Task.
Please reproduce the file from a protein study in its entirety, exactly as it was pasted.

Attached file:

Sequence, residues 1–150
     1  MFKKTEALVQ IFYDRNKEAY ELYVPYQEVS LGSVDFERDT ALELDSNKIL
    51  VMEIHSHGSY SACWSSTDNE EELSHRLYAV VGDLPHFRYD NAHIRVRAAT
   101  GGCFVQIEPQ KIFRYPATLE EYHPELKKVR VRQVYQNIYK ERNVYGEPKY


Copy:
Sequence, residues 1–150
     1  MFKKTEALVQ IFYDRNKEAY ELYVPYQEVS LGSVDFERDT ALELDSNKIL
    51  VMEIHSHGSY SACWSSTDNE EELSHRLYAV VGDLPHFRYD NAHIRVRAAT
   101  GGCFVQIEPQ KIFRYPATLE EYHPELKKVR VRQVYQNIYK ERNVYGEPKY